Member of Parliament (MP) Chloe Swarbrick’s Private Members’ Bill “The Sale and Supply of Alcohol (Harm Minimisation) Amendment Bill” was drawn from the ballot in the New Zealand (Māori: Aotearoa) parliament. The bill will thus proceed to parliament and get its first reading.
MP Swarbrick says it is now time for other MPs to join the growing local council support for the Bill. Already the bill has the support of five major Local Councils representing more than half of New Zealand citizens.
The measures in the Bill include:
- Removing the appeals process from Local Alcohol Policies, which has been used extensively by supermarket and bottle store retailers backed by the Big Alcohol lobby to prevent or delay evidence-based public health action regarding common-sense limits to local alcohol availability,
- End alcohol sponsorship of broadcast sports, and
- Strengthen the criteria for District Licensing Committees to consider when making decisions on applications for a license to sell alcohol.
We know it’s not fit for purpose anymore, and we need to give opportunities to our communities to have a stronger say on how alcohol is placed within their neighborhoods,” said MP Chloe Swarbrick, as per NZ Herald.Chloe Swarbrick, MP, New Zealand, Sponsor of The Sale and Supply of Alcohol (Harm Minimisation) Amendment Bill
Local Councils already support the Bill, it is now time for Parliament to act
MP Swarbrick has been gathering support for the Bill across New Zealand’s Local Councils. So far, Whanganui, Hamilton, Auckland, Christchurch, and Waipā councils, representing more than half of the population of New Zealand, have all voted to support the bill.
While MPs have dawdled to act, councils representing more than half the population of Aotearoa have shown the necessary leadership and endorsed the bill,” said MP Chloe Swarbrick, as per NZ Herald.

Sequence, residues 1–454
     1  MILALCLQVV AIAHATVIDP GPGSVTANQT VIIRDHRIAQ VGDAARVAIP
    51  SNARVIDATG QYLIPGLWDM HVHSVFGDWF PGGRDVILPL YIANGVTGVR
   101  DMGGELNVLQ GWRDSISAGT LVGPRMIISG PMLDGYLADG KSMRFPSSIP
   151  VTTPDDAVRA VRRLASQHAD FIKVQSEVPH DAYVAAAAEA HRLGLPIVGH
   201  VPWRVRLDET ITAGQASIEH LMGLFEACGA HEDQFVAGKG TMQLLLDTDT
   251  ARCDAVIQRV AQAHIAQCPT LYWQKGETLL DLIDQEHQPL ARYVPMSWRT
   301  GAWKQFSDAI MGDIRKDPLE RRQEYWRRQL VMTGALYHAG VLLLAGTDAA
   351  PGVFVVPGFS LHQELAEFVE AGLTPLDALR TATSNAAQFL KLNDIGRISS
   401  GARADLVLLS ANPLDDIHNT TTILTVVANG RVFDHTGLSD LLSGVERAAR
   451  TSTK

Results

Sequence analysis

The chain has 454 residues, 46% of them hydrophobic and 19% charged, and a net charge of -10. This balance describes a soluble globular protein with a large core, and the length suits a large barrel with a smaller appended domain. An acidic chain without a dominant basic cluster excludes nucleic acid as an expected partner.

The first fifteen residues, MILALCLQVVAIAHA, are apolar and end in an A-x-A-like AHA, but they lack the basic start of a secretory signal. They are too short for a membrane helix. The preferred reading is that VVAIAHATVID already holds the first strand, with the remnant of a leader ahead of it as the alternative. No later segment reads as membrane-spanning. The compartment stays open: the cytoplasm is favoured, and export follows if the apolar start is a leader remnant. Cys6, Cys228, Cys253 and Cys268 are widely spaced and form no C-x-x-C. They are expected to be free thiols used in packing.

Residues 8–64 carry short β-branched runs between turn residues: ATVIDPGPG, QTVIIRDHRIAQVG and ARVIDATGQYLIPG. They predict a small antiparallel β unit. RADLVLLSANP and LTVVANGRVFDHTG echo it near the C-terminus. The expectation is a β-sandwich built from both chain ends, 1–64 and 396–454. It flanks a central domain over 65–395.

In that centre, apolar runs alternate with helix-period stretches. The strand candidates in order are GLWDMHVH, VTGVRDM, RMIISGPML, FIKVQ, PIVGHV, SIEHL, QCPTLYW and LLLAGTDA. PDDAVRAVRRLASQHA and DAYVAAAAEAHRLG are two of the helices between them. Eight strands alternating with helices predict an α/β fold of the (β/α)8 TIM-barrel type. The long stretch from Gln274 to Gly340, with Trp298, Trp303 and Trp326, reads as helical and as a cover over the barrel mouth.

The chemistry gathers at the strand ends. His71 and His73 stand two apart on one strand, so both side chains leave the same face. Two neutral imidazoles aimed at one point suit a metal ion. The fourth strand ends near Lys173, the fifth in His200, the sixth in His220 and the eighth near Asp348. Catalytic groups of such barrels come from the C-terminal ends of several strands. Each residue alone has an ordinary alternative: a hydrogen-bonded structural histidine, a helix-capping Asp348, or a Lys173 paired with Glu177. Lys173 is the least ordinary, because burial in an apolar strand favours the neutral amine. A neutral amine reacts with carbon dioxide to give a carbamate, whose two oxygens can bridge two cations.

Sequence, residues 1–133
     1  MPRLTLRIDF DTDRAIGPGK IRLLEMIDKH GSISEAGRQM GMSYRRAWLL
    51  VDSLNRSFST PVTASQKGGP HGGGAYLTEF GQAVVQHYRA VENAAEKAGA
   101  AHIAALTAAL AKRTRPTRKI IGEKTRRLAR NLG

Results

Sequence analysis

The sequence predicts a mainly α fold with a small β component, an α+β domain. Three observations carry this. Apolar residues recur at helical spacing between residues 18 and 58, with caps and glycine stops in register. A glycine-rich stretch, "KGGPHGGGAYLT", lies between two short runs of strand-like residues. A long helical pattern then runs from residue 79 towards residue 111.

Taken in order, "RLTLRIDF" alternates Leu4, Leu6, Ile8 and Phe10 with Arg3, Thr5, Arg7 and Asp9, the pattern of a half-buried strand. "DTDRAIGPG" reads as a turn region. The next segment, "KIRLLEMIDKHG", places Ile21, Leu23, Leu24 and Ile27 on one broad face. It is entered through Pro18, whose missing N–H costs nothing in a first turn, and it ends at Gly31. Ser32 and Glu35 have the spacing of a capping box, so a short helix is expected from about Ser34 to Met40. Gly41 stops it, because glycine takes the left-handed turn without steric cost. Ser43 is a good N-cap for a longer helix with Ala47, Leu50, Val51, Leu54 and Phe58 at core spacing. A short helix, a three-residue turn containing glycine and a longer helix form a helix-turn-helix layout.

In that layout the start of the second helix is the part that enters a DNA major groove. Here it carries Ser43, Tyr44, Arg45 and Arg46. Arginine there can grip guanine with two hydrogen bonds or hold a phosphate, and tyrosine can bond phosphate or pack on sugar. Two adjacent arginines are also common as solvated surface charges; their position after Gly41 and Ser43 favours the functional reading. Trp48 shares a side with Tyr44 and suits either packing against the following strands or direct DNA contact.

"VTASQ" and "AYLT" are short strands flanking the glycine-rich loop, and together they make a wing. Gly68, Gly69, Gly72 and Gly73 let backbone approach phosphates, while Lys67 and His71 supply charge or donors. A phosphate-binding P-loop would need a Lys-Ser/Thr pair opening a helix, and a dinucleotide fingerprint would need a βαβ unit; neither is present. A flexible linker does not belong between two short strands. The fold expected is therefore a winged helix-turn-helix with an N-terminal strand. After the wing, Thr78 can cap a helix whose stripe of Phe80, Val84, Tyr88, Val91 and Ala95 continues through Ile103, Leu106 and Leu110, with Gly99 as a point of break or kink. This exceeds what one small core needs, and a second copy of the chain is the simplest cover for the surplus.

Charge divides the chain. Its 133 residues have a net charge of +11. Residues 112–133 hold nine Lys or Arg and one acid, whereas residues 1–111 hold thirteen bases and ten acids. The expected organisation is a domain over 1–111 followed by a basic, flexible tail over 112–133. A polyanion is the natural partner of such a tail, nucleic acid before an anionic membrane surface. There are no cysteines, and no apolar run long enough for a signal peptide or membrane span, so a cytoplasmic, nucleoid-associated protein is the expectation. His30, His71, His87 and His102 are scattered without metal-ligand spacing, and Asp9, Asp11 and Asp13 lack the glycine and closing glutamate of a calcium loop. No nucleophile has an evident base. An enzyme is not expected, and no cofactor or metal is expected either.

It’s time for Parliament to put its money where its mouth is and begin to more appropriately regulate one of the most harmful drugs we know of.”Chloe Swarbrick, MP, New Zealand, Sponsor of The Sale and Supply of Alcohol (Harm Minimisation) Amendment Bill
Hāpai Te Hauora (Māori Public Health) chief executive Selah Hart says finally the stars are aligning for alcohol policy improvements in New Zealand after years of inaction. She says that public health advocates across New Zealand believe that alcohol law reform is well overdue in the country.
Hart adds that it is essential for MPs to listen to their constituency, particularly those who represent Local Councils that support the Bill.
It’s going to come down to a conscience vote, and we know that many members of Parliament have interests or could be in some way, shape or form conflicted in making these decisions,” said Selah Hart, chief executive of Hāpai Te Hauora (Māori Public Health), as per NZ Herald.
But MPs are there as representatives of their constituents and they need to listen to those constituents.”Selah Hart, chief executive, Hāpai Te Hauora (Māori Public Health)
Community groups, including grassroots sports need to find new sponsors away from harmful industries
One of the only Local Councils that do not support the Bill is Carterton District Council due to fears that grassroots sports could be affected negatively without alcohol companies’ sponsorships.
However, as Selah Hart points out this is an opportunity for grassroots sports and community initiatives to find new sponsors that are not harming the people and communities with their products and practices.
There are many community organizations that find ways and means to support themselves that don’t rely on those harmful commodities’ pool of money,” said Selah Hart, chief executive of Hāpai Te Hauora (Māori Public Health), as per NZ Herald.Selah Hart, chief executive, Hāpai Te Hauora (Māori Public Health)
She further urges the government to create an independent funding resource for community groups that are already opting out of alcohol and gambling sponsors.